Posted by: anon21 | Sep 24, 2017 4:23:17 PM

Anon21. You call me crazy, perhaps after finding a KGB Handbook in the trash.

Yet, you are the one who belongs to a group of 1.5 million people that believes that minds can be read, the future forecast, and that standards of conduct should be based on those of a fictitious character. Why fictitious? So, these standards may be objective, of course.

Cuckoo, cuckoo, cuckoo. Ding.

Posted by: David Behar | Sep 24, 2017 8:24:48 PM

Anon21. You are pro-criminal. You do not like to see crime, however. Where you live there is probably virtually no crime, with the death penalty at the scene.

What you like is your salary. It comes from protecting, privileging, and empowering the criminal, through what? Procedure. Procedure, naturally, requires the hiring of lawyers. You like making your living off crime, and will not tolerate its elimination.

Posted by: David Behar | Sep 24, 2017 8:27:33 PM

Behar, you hate lawyers because your ex-wife took you to the cleaners. Fess up. Unlike you, she spent a buck and hired an excellent lawyer. You represented yourself, and, what's worse, you forgot to take your pills that day. Two big mistakes. Just sayin'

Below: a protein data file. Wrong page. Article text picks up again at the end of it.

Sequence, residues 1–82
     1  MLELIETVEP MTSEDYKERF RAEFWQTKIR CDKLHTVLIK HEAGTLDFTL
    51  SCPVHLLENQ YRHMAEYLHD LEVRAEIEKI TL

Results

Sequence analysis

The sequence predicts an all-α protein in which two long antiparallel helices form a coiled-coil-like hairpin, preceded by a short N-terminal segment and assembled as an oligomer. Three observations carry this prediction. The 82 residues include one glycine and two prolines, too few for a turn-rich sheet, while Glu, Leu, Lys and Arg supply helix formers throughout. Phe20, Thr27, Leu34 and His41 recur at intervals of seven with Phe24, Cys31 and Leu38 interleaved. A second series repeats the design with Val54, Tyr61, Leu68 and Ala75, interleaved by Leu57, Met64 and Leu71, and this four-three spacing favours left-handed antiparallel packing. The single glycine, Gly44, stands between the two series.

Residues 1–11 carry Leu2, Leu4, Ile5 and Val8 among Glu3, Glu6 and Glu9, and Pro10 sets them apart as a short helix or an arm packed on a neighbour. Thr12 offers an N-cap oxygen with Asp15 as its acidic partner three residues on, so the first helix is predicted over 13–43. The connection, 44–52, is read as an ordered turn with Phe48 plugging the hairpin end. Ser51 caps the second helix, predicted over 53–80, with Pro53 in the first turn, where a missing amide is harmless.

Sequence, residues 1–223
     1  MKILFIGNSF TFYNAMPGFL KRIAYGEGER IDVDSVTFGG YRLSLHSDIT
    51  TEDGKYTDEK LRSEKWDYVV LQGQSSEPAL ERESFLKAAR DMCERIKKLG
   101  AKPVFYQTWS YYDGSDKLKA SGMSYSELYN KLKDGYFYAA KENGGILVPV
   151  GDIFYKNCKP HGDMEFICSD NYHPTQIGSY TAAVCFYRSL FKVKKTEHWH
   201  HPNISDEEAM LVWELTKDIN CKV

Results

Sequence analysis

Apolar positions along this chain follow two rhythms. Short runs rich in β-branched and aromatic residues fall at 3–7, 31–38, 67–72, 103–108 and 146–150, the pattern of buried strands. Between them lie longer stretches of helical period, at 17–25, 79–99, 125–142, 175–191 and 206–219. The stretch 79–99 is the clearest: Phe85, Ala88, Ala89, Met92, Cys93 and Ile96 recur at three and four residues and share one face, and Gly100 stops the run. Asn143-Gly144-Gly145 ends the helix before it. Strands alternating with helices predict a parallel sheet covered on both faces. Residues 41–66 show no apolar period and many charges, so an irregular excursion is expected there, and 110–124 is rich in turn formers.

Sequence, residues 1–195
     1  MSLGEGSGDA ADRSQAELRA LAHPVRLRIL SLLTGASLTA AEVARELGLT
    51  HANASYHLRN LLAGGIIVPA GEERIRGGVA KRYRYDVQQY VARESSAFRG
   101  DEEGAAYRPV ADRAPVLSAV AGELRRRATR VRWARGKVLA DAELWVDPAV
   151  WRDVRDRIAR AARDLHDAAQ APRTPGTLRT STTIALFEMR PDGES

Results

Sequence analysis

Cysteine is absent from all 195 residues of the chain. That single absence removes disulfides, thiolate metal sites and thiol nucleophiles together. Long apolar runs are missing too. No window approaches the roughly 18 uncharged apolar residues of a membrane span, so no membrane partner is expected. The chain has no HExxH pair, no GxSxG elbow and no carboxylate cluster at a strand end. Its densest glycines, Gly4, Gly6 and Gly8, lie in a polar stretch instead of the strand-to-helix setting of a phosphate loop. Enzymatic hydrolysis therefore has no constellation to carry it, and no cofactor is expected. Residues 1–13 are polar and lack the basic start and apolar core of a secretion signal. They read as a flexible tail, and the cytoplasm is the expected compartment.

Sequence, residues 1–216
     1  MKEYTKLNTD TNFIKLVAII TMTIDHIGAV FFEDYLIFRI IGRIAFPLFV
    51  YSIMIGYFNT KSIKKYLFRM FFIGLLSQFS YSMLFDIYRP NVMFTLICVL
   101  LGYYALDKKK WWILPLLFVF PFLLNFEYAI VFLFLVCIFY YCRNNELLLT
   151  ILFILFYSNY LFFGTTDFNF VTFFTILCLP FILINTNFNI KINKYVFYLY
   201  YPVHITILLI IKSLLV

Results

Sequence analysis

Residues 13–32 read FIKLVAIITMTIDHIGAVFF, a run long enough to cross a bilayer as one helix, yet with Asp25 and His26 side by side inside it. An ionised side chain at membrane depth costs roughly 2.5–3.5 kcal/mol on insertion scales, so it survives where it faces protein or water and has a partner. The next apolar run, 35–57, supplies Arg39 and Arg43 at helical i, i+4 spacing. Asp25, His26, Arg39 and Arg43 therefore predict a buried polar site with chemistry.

Posted by: anon21 | Sep 25, 2017 11:00:19 AM

What is sad to me is that there are eight comments in this thread and not a single one addresses any of the cases mentioned in the OP.

Posted by: Daniel | Sep 25, 2017 12:19:34 PM

Anon21. Now you are also psychic.

Posted by: David Behar | Sep 25, 2017 1:05:30 PM

Daniel. Would you bother addressing a case posted in the David Duke web site with seriousness? Duke is far more honest, and less rent seeking than these supercilious, rent seekers. You would, Duke has a biased agenda, is a denier, and cannot be engaged.

Posted by: David Behar | Sep 25, 2017 1:07:18 PM